It's time to say goodbye to 2019, and say hello to a whole new decade! Now some of you may have been lucky over the holidays, finding a new furry friend hiding under your tree. Getting a new dog seems exciting, but are you really ready to take care of them?
Don't worry, you're not alone! We've got just the right tips for you to forge that friendship with fido, and start the new year on the right paw!
Not all dogs are the same. Different dogs require different things, so try to look into what your furry friend needs. Big hunting breeds need more physical exercise and training, while small toy breeds can easily get injured. Puppies tend to have sharp teeth and an abundance of energy, while older dogs may need more trips to the vet.
Do your research and find out what works best for your dog. Some things might work with other dogs, but not with your own. So get to know your furball, and don't be afraid to speak to a vet. They'll be more than happy to help you take care of your new furry friend.
Stock up on dog supplies. The dog aisle in the pet store can be quite overwhelming, but if you know what you're getting, it becomes less daunting. Here's a quick list of things that you definitely have to get:
Dog Collar with Tag - get a tag where you can put your name, address, and phone number; if your furry friend ever gets lost, people will know who they can contact;
Lead - depending on your dog, you can get a normal lead or a flex lead; get a spare one too, just in case your dog manages to break one;
Dog Food - buy the brand your dog is already used to, or consult your vet on what dog food is best for your furry friend;
Pet Bowls - some dogs are allergic to plastic, so you might want to buy ceramic or stainless steel dog bowls;
Dog Bed - consider your dog's size and get them a soft, comfy bed they can stretch out on;
Toys - dogs can get bored, so keep them occupied with dog toys; get strong, durable ones that can survive some tough play; you don't want your furball to start playing with your couch cushions instead;
Crate - getting your dog a crate can make house training so much easier; there are a lot of crate options, so get what's best for your furball;
Bath Supplies - your dog needs to bathe, and they need shampoo specifically for dogs; don't forget to get nail clippers, towels, brushes, and a toothbrush;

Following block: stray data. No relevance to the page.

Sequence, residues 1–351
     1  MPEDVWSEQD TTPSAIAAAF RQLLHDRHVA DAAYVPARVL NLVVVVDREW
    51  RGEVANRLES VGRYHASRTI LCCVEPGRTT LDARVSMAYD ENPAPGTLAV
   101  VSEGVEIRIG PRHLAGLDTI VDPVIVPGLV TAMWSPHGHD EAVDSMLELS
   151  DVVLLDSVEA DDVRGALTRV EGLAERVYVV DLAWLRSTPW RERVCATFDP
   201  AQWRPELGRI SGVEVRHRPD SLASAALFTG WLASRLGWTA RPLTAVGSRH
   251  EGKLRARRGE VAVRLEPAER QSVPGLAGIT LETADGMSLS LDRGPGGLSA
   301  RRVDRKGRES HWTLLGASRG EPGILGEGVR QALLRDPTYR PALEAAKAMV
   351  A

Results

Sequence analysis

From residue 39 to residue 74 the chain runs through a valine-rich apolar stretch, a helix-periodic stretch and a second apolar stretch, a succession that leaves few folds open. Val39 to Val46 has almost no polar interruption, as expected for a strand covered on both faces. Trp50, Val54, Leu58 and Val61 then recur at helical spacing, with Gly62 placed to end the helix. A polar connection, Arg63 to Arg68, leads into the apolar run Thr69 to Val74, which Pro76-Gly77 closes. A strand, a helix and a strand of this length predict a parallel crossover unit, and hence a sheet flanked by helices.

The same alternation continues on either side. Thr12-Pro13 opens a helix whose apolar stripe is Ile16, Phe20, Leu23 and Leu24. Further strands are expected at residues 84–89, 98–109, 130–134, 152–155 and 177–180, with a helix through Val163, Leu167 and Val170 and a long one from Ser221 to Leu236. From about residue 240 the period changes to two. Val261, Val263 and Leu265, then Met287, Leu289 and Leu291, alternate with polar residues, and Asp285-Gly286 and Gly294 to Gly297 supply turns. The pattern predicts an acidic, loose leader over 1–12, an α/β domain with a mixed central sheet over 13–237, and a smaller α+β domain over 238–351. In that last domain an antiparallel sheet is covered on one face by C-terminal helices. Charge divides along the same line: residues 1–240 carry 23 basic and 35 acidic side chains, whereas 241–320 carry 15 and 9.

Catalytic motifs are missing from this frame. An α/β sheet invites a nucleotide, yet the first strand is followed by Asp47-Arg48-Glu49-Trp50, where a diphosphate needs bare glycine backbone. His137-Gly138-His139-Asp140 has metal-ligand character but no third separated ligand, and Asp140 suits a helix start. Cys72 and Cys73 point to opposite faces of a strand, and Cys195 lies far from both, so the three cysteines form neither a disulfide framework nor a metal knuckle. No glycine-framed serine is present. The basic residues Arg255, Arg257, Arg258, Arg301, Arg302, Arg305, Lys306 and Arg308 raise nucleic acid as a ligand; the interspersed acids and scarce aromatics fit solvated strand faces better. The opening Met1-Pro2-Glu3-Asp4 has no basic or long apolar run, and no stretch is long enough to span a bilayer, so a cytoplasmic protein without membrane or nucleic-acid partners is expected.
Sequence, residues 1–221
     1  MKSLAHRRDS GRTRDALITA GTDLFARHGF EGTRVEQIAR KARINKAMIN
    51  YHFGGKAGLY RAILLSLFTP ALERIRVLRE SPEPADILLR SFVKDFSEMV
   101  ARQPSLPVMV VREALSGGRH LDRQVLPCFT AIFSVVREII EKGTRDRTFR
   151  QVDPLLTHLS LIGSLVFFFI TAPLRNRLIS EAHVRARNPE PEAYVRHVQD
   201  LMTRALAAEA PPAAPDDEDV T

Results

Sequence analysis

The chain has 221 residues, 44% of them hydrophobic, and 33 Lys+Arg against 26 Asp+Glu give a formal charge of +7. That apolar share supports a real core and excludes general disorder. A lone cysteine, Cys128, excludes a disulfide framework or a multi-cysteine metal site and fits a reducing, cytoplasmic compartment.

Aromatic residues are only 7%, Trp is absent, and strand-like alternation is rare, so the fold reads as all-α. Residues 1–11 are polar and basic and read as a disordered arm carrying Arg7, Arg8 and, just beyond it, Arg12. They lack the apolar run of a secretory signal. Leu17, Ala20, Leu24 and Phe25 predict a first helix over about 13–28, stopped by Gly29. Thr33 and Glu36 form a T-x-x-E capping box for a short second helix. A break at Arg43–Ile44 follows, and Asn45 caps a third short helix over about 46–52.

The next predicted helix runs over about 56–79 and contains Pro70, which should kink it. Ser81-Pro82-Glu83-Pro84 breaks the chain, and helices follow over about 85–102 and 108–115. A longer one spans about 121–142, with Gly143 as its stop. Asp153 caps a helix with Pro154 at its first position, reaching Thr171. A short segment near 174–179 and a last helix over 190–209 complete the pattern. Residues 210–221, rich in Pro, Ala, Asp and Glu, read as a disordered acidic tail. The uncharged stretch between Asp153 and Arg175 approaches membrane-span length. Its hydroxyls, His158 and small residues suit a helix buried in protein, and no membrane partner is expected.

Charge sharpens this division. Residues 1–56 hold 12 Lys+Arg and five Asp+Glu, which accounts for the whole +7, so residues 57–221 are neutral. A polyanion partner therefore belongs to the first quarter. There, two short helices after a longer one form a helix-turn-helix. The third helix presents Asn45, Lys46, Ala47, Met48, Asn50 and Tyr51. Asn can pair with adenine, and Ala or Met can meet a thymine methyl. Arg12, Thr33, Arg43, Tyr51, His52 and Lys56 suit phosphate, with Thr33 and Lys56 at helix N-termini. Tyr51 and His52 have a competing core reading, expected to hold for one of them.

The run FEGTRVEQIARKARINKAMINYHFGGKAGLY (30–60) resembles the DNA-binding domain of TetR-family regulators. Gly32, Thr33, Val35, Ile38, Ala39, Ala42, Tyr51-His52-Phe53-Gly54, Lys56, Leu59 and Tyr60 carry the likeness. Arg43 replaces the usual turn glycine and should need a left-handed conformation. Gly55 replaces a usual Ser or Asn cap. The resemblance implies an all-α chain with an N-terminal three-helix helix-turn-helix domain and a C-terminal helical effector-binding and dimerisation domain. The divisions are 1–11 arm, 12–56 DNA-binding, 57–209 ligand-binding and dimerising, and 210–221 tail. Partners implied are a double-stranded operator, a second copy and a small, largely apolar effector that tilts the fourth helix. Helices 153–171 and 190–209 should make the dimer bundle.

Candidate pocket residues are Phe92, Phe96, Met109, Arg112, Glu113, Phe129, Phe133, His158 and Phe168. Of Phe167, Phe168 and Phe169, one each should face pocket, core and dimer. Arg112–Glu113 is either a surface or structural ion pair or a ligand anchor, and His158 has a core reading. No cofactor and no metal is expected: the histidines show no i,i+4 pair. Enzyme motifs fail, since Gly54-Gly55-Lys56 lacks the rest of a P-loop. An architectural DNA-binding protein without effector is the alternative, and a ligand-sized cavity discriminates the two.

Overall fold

Once you've got these supplies, you're basically good to go. You might need to get additional supplies in the long-run, but for now it's best to have the essentials stocked and ready.
For you and your furry friend's safety, make sure to dog-proof your house. Make sure all loose electrical cords are tucked or taped to baseboards, and that your household cleaners are stored in places your dog can't reach. You might want hide your breakables in a cabinet or closet, and move your houseplants away from your dog's space.
Set designated places for your furball's crate and dog bowls. You can block off the area with baby gates to keep your dog from getting their paws on anything off-limits. Don't forget to set a potty spot. You don't want fido making your whole house their toilet.
Build a bond with your furry pal. Develop your bond through activities like taking walks, going to the dog park, playing fetch, or even bathroom breaks! Any time you spend with your furry friend helps strengthen your bond with them, helping you earn their love, trust, and respect.
Another way to build a bond is my establishing a routine and sticking to it. Consistency is good for your furball, since they'll know what to expect every day. Your dog can learn to rely on routines, teaching them that they can trust you to do your part in taking care of them.
It's good to establish a bond with your fur baby, but don't let them get too dependent. A sure way to keep your dog from being too dependent is through training. You can start training at home by teaching your dog simple commands like "sit" or "stay". When your furry friend obeys or does something good, reward him with a treat or a good snuggle. If he's misbehaving or becomes too overexcited, ignore them until they settle.
If you feel like your furball needs more training - then enroll them in a class. Think about what you'd want your dog to learn from training, and find a trainer or class that suits you best. Ask around your neighborhood and friends for which trainer they recommend, but make sure that your trainer has all the certifications. Involve yourself in your dog's training as much as possible. They are your pet after all, not the trainer's.
Be mindful of your dog's health. Dogs are not toys, they are an ongoing commitment. As a dog owner it's vital for you to understand and manage your dog's healthcare. You have to be aware of your dogs needs as they go through their lives by your side.
The first and most important step to keeping your dog healthy is to find the right vet. Just like finding a trainer, you can ask around for referrals from their previous clients, making sure the vet you choose is certified. Registering with a vet will be a big help for you and your furry friend. They help not only with vaccinations and check-ups, but they can also make personal recommendations suited to your dog.
Taking care of a dog is a learning process, but we hope these tips can help start out. Always keep in mind that your dog is a living being, and just like you they have their own unique needs. Be prepared for whatever comes your way, and be there for your furry friend.
You can go through many dogs in your lifetime, but your dog only has you. Fill their days with endless love, so that when they finally cross the rainbow bridge, they'll go knowing their life was a happy one.
Big thank you to all these re-barkable references:
75 Ways To Be A Responsible Dog Owner
43 Tips for New Puppy Owners
New Dog Owner's Guide
8 Top Tips for New Dog Owners
Tips for First Time Dog Owners